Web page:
# Is it possible to extend the life of a star?

Is it true that when a star 'runs out' of its fuel, it hasn't really used up all its hydrogen, it still has hydrogen left, but the hydrogen is not at its center where the fusion happens. If something crashed into it rearranging its content a bit, could its life be extended?

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I suppose in theory you could suck the helium out of the core, but I suspect the technical difficulties would be insurmountable. – Joshua Aug 27 '15 at 15:48

## 4 Answers

The outer shell of the star contains still a lot of hydrogen, after running out of fuel.

Elements other than hydrogen are denser than hydrogen. This makes it difficult to get hydrogen to the core of a star, or to the region of hydrogen-burning at least, after the core has been burnt to helium or heavier elements.

But the life of a star can be extended in some way, e.g. by adding hydrogen to a white dwarf. This can trigger burning of carbon with a supernova Ia as result.

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Stars actually do this on their own, to an extent. The material inside a star (in some layers) does convect, and at certain points in the star's life, the material in the core can actually rise up and mix with the rest of the star. This might replenish some H and He in the core, but the main effect that can be observed is that the fusion products become visible at the surface.

Also, the size and location of the convective layers depends very much on stellar size - in a red dwarf the convective zone is most of the star. That's one reason red dwarf stars live so long - they continually "recycle" their available Hydrogen.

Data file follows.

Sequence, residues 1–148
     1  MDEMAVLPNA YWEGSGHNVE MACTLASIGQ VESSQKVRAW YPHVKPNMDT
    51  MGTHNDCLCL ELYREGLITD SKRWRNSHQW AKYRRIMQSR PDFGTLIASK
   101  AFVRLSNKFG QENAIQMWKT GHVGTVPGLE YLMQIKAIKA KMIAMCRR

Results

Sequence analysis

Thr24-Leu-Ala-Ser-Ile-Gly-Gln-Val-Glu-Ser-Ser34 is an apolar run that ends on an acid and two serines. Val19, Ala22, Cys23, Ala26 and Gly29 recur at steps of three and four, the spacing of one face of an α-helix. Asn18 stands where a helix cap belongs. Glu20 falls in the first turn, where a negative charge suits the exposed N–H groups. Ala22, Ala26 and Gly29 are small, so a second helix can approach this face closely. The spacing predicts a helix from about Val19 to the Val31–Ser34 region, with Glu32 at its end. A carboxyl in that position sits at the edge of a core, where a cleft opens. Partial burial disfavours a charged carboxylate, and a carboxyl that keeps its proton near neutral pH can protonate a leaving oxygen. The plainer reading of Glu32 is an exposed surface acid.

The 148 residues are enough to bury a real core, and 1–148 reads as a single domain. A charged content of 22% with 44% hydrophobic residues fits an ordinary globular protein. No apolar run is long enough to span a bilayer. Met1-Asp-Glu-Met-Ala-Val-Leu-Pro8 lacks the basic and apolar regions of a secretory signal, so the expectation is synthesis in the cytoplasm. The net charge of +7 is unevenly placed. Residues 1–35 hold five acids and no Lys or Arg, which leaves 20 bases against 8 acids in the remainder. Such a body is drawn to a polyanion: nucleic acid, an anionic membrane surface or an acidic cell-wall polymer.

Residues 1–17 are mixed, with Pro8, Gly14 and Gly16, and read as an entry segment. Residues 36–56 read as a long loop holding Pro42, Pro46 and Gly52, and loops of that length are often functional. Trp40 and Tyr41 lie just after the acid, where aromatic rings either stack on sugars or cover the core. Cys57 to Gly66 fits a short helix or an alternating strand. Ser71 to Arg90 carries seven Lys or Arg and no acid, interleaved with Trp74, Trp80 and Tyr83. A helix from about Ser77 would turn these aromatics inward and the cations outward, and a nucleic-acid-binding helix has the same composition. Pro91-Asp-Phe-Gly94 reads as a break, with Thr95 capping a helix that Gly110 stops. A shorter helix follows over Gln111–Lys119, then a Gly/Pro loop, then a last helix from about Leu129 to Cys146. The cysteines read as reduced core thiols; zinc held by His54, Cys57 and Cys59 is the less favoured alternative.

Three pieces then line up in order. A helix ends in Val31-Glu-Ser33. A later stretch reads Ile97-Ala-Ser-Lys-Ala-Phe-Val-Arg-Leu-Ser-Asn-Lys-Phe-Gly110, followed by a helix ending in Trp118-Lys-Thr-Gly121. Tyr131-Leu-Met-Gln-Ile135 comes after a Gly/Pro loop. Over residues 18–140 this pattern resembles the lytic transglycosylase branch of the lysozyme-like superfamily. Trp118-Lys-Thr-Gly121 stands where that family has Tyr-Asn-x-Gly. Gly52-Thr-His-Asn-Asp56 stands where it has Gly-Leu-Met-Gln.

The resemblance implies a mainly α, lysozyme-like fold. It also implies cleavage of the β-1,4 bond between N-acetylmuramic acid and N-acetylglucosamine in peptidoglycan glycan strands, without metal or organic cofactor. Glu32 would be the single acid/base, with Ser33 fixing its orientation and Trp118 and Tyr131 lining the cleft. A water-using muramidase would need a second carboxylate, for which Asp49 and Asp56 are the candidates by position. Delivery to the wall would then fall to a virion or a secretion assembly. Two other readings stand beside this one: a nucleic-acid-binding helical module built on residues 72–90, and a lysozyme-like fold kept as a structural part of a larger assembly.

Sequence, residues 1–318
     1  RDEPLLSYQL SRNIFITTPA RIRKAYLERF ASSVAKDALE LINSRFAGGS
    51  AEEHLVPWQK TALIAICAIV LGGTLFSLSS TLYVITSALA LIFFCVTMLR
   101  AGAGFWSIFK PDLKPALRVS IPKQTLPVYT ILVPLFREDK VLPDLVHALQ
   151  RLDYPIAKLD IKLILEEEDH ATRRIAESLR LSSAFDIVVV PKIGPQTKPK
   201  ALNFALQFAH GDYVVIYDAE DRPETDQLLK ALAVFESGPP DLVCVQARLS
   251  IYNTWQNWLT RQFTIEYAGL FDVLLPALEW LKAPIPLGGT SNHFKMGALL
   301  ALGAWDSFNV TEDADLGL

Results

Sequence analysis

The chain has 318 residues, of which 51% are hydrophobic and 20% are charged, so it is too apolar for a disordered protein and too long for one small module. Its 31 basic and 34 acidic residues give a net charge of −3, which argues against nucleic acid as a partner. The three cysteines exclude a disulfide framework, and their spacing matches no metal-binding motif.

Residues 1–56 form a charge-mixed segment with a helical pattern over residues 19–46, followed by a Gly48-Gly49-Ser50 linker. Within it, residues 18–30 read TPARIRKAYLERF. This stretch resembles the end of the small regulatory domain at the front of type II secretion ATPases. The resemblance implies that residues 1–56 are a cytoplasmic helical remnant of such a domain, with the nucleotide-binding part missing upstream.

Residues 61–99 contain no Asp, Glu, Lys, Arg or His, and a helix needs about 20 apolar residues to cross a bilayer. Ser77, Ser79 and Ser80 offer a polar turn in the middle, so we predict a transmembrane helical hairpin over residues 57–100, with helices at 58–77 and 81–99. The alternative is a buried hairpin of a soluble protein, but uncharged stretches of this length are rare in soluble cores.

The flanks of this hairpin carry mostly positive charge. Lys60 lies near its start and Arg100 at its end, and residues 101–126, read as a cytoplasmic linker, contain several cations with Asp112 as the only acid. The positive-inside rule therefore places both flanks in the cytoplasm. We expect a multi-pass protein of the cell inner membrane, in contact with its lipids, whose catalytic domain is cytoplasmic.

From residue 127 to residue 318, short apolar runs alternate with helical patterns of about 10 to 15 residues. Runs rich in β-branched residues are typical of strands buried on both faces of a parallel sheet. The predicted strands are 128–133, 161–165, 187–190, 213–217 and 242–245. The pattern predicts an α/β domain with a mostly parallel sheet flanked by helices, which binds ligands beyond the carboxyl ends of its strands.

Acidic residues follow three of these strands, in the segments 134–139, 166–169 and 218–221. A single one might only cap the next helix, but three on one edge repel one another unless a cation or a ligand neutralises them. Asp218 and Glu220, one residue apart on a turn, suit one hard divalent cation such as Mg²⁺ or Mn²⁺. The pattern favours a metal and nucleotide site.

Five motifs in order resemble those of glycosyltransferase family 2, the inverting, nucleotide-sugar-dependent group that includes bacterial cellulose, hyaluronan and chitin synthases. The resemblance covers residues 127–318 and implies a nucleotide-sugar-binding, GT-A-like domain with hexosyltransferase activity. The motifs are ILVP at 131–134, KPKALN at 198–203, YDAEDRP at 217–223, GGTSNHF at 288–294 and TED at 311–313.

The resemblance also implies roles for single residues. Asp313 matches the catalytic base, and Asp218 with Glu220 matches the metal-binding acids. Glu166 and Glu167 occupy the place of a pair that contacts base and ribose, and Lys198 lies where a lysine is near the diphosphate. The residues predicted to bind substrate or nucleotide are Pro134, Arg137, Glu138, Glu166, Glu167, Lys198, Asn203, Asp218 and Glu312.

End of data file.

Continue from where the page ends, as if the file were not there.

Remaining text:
http://en.wikipedia.org/wiki/Star#Structure

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If something crashed into it rearranging its content a bit, could its life be extended?

Yes! This is precisely what we think causes the creation of blue stragglers.

When we look at a cluster of stars, we expect them to all be of roughly the same age. This is usually borne out by observations. Because larger stars evolve faster, the age of a cluster can then be roughly determined by working out the mass of the most massive star still on the main sequence (i.e. still burning hydrogen in the core). We call this the main-sequence turnoff.

But in some clusters, we see and handful of stars that are more massive, but still on the main sequence, even though all the evidence says they should have already evolved into giants and other more-evolved objects. The consensus view is that these stars are at the very least interacting with binary companions, and many are thought to be merger products. i.e. something left over from two stars merging into one. Either two companions in a binary have orbited so close that they've become one star, or two stars have simply collided (which is quite possible in the dense cores of clusters). Depending on what types of star collide, you can basically get a new star where everything is mixed up again, allowing the star to be "born again".

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+1 this is the only proper answer for this question. – Walter Aug 24 '14 at 15:11

When stars transition from the main sequence core Hydrogen burning to core Helium burning they can experience Hydrogen shell burning.

However, when you burn the Hydrogen in the shell to Helium, it will fall on the core creating a hotter core where the radiation pressure from the Helium burning core will push the Hydrogen further out into the outer envelope. From here you can get a Helium flash which is the cause of Horizontal Branch stars.

If you were able to somehow force more Hydrogen to shell burn then you could possibly extend the life for a short while, though the lifetimes post main sequence are much shorter < 1 Gyr compared to the lifetimes on the main sequence.

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There is no helium burning when a post main sequence star is on the red giant branch. The helium core is initially inert. The helium flash marks when that inert helium core finally ignites. – David Hammen Jan 6 '15 at 3:43